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Re: Centralized v. Decentralized Source Control (Re: [XP] web development source control)

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  • Chris Wheeler
    ... Although he is the typical use-case for nerds getting beaten up in high school - I ve never heard an intelligent talk from this guy, but I have heard
    Message 1 of 36 , Oct 3, 2007
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      On 10/3/07, Adrian Howard <adrianh@...> wrote:
      >
      >
      > I'm not sure Linus's situation is a typical use-case for most folk
      > though :-)



      Although he is the typical use-case for nerds getting beaten up in high
      school - I've never heard an intelligent talk from this guy, but I have
      heard plenty of talks telling me I'm stupid for not seeing things the exact
      same way that he does. One of the most disrespectful people in the industry.

      Chris.


      [Non-text portions of this message have been removed]
    • Kim Gräsman
      Hi Leonard, Thanks for the exhaustive info! - Kim
      Message 36 of 36 , Oct 17, 2007
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        Hi Leonard,

        Thanks for the exhaustive info!

        - Kim

        On 10/18/07, Leonard Chin <l.g.chin@...> wrote:
        >
        > I happen to be a new git user, from svn. Even ignoring its distributed
        > advantages, git really shines as a "source control management" system.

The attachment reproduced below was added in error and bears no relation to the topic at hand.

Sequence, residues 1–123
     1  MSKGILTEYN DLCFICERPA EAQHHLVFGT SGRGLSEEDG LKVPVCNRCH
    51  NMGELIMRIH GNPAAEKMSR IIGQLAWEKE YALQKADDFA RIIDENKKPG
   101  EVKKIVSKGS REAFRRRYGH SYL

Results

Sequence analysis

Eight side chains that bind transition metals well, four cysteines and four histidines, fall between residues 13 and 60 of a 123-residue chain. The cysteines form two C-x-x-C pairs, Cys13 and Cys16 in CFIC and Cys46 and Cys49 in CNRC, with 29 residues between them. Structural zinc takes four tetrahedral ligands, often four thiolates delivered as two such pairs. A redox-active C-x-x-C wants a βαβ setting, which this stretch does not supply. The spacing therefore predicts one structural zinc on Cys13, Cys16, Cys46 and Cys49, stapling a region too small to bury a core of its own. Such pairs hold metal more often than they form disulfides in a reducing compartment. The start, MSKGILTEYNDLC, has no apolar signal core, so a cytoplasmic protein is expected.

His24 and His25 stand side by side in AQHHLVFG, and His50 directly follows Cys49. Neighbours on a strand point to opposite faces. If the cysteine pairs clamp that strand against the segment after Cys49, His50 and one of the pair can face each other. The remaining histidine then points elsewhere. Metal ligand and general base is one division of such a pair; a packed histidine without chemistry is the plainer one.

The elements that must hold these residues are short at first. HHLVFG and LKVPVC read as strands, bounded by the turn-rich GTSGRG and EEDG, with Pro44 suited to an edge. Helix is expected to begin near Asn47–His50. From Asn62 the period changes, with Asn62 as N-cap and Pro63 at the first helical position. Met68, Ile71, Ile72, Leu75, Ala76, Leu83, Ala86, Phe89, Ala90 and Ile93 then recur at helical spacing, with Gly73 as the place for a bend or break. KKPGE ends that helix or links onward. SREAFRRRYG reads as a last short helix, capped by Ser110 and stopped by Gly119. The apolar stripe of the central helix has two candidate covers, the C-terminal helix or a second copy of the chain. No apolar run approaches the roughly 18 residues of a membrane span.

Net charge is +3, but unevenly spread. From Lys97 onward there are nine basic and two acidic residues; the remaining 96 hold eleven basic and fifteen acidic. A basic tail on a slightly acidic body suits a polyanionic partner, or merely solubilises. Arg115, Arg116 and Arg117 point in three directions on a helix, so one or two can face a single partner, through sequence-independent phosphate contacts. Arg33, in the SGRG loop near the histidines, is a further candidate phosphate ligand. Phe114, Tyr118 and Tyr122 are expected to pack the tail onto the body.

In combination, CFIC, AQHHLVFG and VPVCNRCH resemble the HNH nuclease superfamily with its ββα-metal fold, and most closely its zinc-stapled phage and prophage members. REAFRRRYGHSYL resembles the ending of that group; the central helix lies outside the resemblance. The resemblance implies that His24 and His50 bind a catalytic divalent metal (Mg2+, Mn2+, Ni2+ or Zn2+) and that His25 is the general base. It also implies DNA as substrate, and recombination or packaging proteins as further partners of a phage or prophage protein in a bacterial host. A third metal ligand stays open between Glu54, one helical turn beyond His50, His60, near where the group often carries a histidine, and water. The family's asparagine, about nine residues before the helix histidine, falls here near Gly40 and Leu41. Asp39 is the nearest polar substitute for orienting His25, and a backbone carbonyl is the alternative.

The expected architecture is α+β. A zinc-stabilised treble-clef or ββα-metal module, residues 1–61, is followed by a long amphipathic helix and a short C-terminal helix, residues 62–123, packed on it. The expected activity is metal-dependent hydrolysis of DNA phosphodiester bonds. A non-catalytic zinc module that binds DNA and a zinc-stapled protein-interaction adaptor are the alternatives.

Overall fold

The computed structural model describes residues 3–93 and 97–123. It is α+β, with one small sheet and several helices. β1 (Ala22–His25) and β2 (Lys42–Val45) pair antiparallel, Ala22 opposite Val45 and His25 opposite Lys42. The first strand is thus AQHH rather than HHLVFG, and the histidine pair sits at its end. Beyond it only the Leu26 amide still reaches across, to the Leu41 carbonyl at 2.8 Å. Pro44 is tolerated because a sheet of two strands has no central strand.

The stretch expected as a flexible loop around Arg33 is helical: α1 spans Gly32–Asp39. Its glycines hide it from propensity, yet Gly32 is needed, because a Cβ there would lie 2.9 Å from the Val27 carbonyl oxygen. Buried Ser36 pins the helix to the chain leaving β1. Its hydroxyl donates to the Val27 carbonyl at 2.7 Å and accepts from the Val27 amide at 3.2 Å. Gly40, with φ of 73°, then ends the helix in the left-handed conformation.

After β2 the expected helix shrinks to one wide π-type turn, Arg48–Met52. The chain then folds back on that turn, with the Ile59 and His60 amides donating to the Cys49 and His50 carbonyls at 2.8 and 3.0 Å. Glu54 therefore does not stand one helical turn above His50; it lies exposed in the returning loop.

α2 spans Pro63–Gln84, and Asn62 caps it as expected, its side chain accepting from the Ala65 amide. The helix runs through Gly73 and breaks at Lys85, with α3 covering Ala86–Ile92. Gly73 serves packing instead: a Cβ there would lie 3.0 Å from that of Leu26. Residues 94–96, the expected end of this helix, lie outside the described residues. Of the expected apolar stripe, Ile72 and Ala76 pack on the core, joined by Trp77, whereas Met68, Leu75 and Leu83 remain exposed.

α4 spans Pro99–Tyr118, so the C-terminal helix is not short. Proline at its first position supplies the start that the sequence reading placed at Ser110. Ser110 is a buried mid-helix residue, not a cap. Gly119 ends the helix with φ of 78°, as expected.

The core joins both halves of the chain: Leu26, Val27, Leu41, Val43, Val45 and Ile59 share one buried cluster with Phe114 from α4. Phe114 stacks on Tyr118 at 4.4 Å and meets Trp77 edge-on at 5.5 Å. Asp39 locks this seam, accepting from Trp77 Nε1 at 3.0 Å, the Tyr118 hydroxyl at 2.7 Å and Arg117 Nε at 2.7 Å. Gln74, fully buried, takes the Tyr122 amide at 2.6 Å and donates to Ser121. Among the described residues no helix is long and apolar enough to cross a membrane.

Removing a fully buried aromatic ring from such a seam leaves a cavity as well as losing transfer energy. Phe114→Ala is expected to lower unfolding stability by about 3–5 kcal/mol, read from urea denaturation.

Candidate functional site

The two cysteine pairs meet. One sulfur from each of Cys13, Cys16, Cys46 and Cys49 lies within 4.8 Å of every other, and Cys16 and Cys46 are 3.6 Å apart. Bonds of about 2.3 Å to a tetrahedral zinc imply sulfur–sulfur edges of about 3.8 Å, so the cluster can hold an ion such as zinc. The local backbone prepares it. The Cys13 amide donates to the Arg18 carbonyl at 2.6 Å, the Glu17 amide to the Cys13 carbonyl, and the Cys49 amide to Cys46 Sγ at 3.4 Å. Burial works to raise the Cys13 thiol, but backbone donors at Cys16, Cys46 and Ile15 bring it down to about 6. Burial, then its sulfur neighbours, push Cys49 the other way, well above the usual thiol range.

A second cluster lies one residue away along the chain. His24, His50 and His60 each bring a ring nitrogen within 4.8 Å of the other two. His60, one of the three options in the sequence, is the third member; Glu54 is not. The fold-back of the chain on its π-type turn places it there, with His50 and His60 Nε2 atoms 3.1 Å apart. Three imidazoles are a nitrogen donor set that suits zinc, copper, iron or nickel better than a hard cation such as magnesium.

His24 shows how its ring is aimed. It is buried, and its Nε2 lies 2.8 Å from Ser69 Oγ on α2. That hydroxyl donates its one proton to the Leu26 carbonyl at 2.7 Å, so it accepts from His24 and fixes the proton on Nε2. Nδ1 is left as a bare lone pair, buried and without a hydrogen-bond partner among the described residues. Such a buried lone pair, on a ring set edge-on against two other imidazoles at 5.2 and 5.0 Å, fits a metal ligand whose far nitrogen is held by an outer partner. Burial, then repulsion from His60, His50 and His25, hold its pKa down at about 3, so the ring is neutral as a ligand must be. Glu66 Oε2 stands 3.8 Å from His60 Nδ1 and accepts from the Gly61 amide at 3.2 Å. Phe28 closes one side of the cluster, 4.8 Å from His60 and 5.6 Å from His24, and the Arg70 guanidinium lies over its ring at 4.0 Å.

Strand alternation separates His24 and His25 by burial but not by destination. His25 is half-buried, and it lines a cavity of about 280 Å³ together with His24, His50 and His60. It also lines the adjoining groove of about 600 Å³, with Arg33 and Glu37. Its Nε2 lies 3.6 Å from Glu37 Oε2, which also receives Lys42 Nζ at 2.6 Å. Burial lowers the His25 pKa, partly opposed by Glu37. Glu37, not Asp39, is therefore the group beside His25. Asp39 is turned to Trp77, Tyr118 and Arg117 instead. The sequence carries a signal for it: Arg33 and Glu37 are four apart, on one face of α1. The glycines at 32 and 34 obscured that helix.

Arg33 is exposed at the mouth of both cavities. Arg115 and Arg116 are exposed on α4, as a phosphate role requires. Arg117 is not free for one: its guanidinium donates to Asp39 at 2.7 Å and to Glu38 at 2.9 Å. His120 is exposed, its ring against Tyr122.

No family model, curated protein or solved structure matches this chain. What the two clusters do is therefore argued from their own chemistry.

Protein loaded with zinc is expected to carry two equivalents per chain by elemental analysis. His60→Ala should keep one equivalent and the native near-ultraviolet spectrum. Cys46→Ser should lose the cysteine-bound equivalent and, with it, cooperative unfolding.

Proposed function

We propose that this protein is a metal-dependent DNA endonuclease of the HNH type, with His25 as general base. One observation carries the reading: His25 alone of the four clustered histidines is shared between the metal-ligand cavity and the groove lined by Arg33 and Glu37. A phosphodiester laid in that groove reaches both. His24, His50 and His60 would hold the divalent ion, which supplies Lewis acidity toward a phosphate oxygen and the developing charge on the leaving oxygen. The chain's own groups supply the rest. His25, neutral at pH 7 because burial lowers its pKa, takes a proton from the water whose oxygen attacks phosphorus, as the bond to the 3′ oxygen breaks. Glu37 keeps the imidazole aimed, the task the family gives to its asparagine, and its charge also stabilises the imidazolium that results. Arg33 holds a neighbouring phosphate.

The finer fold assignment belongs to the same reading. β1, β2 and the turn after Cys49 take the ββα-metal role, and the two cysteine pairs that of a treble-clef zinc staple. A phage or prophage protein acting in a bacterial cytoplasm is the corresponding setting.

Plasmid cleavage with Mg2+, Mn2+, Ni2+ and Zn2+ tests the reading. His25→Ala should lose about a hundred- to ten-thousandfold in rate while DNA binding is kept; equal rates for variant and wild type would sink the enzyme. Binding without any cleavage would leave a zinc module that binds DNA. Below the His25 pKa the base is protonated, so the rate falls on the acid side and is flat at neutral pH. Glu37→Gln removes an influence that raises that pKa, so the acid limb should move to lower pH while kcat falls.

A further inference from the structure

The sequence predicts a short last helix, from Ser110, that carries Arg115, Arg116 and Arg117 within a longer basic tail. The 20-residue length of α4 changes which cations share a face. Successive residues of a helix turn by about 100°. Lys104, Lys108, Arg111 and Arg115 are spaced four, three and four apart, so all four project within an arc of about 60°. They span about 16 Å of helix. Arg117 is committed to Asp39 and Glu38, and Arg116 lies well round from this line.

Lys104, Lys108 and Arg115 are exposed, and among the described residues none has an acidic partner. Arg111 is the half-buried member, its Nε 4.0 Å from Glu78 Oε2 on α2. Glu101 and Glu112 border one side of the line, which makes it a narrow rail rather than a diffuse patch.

> Even when using it as a local repository as the sole user, git still
        > outshines svn.
        > - git is faster than svn
        > - tagging "works" - you actually tag an individual commit in your history.
        > - merging "works" - svn merge is a coarse-grained (you collapse the
        > differences between trees into a single commit), where as a git merge
        > will retain the individual commit histories of the branches being
        > merged.
        > - the built-in command line tools are very nice (viewing colored logs,
        > diffs, etc)
        > - git tracks content, not files -- so git can automatically detect
        > when a file's name is changed, or when you refactor and move lines
        > code within/between files
        > - file integrity - git makes sha1 hashes of everything, so you'll know
        > if your files have been corrupted
        > - you can "cherry-pick" a single commit from a different branch to merge.
        > - there is no need to "prepare" a base directory layout of branch/trunk/
        > - using git bisect, you can find the exact commit that introduces a
        > bug via a "binary search". Start with a known bad and good commit,
        > check the "middle" commit, and repeat. This is useful if, say, a big
        > merge introduces a bug/failed test, and works because merges preserve
        > history.
        > - Continuous integration becomes easier because, you merge committed
        > (i.e. saved) changes instead of committing unsaved changes.
        >
        > Using git-svn also makes git very compatible with svn. Effectively,
        > you can use git-svn as your own offline client for subversion.
        > http://utsl.gen.nz/talks/git-svn/intro.html
        >
        > There are some minor disadvantages, though:
        > - windows support is poor. It is really built on unix. Cygwin/colinux
        > partially solve this, though.
        > - the paradigm shift from files to content is big - in cvs/svn,
        > everyone is used to tracking individual files, and not the changes to
        > the content. Git isn't designed this way, so tracking the lifecycle of
        > a file is more expensive, and there are no partial checkouts. However,
        > I don't think such features are relevant anymore.
        >
        > However, I am very happy with git. I see absolutely no reason to "go
        > back" to subversion.
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